Researching Presidents and Slavery

By Bob Peterson

When my students and I began investigating which presidents owned enslaved people, our attempts focused on traditional history textbooks and student-friendly websites from the White House and the Smithsonian Institute. These efforts turned up virtually nothing.

We then pursued two different sources of information: history books written for adults and more in-depth websites.

I brought in two books that were somewhat helpful: James Lowen’s Lies My Teacher Told Me (Simon and Schuster, 1995) and Kenneth O’Reilly’s Nixon’s Piano: Presidents and Racial Politics from Washington to Clinton (Free Press, 1995). By using the indexes and reading the text out loud, we uncovered facts about some of the presidents.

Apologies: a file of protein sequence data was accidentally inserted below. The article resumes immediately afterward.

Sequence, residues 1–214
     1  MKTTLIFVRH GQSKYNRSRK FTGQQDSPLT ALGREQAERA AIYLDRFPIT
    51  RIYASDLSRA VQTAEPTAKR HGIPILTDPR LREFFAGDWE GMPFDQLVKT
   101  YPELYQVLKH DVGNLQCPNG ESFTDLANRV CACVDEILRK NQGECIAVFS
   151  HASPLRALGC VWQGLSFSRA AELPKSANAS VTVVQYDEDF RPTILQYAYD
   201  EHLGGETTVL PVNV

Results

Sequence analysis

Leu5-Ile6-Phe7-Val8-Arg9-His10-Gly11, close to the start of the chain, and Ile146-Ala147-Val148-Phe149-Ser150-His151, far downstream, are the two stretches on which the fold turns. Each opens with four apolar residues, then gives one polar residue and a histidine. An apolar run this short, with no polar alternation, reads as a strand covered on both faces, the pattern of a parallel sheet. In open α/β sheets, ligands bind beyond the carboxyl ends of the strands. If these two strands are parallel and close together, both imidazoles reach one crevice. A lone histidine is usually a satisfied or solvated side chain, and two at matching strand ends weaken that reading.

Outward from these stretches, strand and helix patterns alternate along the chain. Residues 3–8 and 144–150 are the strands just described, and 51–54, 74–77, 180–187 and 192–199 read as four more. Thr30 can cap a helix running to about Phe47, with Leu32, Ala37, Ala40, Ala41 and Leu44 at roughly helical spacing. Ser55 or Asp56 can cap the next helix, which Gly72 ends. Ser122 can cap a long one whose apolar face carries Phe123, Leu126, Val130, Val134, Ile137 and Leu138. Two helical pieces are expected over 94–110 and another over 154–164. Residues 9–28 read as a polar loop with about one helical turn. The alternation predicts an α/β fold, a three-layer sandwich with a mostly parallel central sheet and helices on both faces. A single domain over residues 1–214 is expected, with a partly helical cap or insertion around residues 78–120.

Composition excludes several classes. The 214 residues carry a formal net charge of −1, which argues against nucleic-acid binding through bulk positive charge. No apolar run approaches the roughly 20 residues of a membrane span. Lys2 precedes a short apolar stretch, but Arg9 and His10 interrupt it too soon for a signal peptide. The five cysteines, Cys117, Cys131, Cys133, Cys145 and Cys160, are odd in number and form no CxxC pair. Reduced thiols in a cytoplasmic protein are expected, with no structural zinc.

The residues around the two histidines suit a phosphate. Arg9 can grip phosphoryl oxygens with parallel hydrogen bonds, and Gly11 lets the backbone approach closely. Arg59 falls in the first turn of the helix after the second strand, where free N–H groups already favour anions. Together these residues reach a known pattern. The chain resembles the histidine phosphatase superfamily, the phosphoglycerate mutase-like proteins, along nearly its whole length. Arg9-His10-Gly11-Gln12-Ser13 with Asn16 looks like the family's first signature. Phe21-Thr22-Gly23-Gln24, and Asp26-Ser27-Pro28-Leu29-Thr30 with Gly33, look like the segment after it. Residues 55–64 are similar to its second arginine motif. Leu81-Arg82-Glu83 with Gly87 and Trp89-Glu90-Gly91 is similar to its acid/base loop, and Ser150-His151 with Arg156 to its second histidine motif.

We used the web search engines google and altavista with the search words “presidents and slavery.” We soon learned we had to be more specific and include the president’s name and “slavery” – for example, “President George Washington and slavery.” Some results were student friendly, such as the mention of the people that Washington owned (and some of their escapes) at There was also a bill of sale for an enslaved person signed by Dolly Madison, the wife of President James Madison, at

Many websites had a large amount of text and were beyond the reading level of many of my students. So I cut and pasted long articles into a word processing document so we could search for the word “slave” to see if there was any specific mention of slave ownership.

In their research, students often asked, “How do we know this is true? Our history books aren’t telling the truth, why should we think this does?”

I explained the difference between primary and secondary sources and how a primary source – like a bill of sale or original list of enslaved people – was pretty solid evidence. To help ensure accuracy, the students decided that if we used secondary sources, we needed to find at least two different citations.